Hive Five: Suckers’ Sweetest Parts of ‘Candy Salad’
Suckers

Photo: Marley Kate

When Suckers initially started touring, they didn’t know that they’d soon have to cobble together a full-length debut — or, that they’d field comparisons to fellow Brooklyn bands like MGMT and Yeasayer. So while 2010′s Wild Smile includes breakout EP hit “It Gets Your Body Movin’,” Suckers grew eager to shed all comparisons and record brand-new choruses for the touring to come. Last fall they teamed with producer Matt Boynton (Black Dice, MGMT) and retreated to Vacation Island Studios in Brooklyn, with the majority of their sophomore album already written. “This time we knew that we were writing songs for a record, and so a little bit consciously, we started to make it seem like a more cohesive effort.” But to their delight, the band soon discovered that their favorite moments in Candy Salad are the ones they least expected.

Hive talked to all three members of Suckers about the sweetest moments in their second album, named after a dish that Walker’s fiance used to mix out of, yes, miniature candies.

1. The tender, ’80s-ballad-esque “Leave the Light On”

Quinn Walker: I think we all felt this way about “Light On” — that it was a standout. We didn’t even know if we were going to keep it in the album but then we really liked it. We liked it just as much as the other stuff, if not more.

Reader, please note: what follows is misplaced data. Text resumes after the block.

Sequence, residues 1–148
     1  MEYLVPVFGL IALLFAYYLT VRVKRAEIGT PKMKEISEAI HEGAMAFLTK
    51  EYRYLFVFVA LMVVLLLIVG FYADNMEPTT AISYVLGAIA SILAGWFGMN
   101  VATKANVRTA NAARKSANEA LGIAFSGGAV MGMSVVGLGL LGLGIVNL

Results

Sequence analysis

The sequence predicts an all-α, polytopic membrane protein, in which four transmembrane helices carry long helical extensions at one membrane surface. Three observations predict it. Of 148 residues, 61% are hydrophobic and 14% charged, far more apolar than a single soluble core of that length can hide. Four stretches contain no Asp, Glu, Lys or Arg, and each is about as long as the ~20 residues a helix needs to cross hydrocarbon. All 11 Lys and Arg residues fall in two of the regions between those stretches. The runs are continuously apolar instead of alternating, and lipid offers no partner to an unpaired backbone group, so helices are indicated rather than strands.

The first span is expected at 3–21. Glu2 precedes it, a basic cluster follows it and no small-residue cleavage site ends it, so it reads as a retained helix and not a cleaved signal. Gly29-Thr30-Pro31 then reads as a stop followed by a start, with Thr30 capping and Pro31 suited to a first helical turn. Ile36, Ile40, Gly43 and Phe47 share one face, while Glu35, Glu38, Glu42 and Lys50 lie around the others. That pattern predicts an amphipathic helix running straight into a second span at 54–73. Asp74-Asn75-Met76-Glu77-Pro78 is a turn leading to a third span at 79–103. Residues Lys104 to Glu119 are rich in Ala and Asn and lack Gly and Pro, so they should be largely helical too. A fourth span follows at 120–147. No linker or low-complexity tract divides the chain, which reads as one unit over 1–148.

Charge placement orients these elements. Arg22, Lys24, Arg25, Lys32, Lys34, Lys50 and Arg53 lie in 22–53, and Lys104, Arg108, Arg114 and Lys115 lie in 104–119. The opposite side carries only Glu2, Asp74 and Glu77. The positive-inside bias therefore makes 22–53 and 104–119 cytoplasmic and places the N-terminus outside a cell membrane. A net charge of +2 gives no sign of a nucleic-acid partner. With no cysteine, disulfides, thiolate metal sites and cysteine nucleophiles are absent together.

2. The first single, “Turn on the Sunshine”

Walker: I don’t really think it fits as neatly as into the album as all the other songs, but it did stand out as one of the catchiest. Most of the people who’ve listened to it have had reactions, and when they hear it, they remember the melody.
Pan: I think it’s kind of a nice summer song. Summer is upon us, and I think people are actually already putting it on their summer mixtapes.

3. Bridges

Pan: I like it when the piano comes in on “Bricks to the Bones.” The bridges in “Bricks to the Bones” and “Chinese Braille” were spot-on. We played them, and we really didn’t have to go back and revise anything, because those two songs really came together on their own.
Walker: They go really well together, and for me those two songs may even sound the best. They are the most effortless.

4. “George,” its first song named after an actual person — as opposed to “Lydia,” “Charmaine” and Wild Smile‘s “Martha”

Walker: He’s really close with Austin and I. He was our best friend growing up, and this song kind of goes back to high school and feelings that you had around that time. We never mentioned his name in the song, but the song is kind of based around that time we were inseparable and is an ode that initially eases along with steel drums, then builds tension with wormy synths.

5. The end of Candy Salad‘s very last song, “Roses”

Walker: I really like the sparseness of “Roses” in the end, ending the song on a very pretty note. At the end of Wild Smile, we had everybody join us in the studio, singing at the same time — really celebratory. This time we just kind of end on almost a sad, lingering note.

Candy Salad is out April 24 on Frenchkiss.

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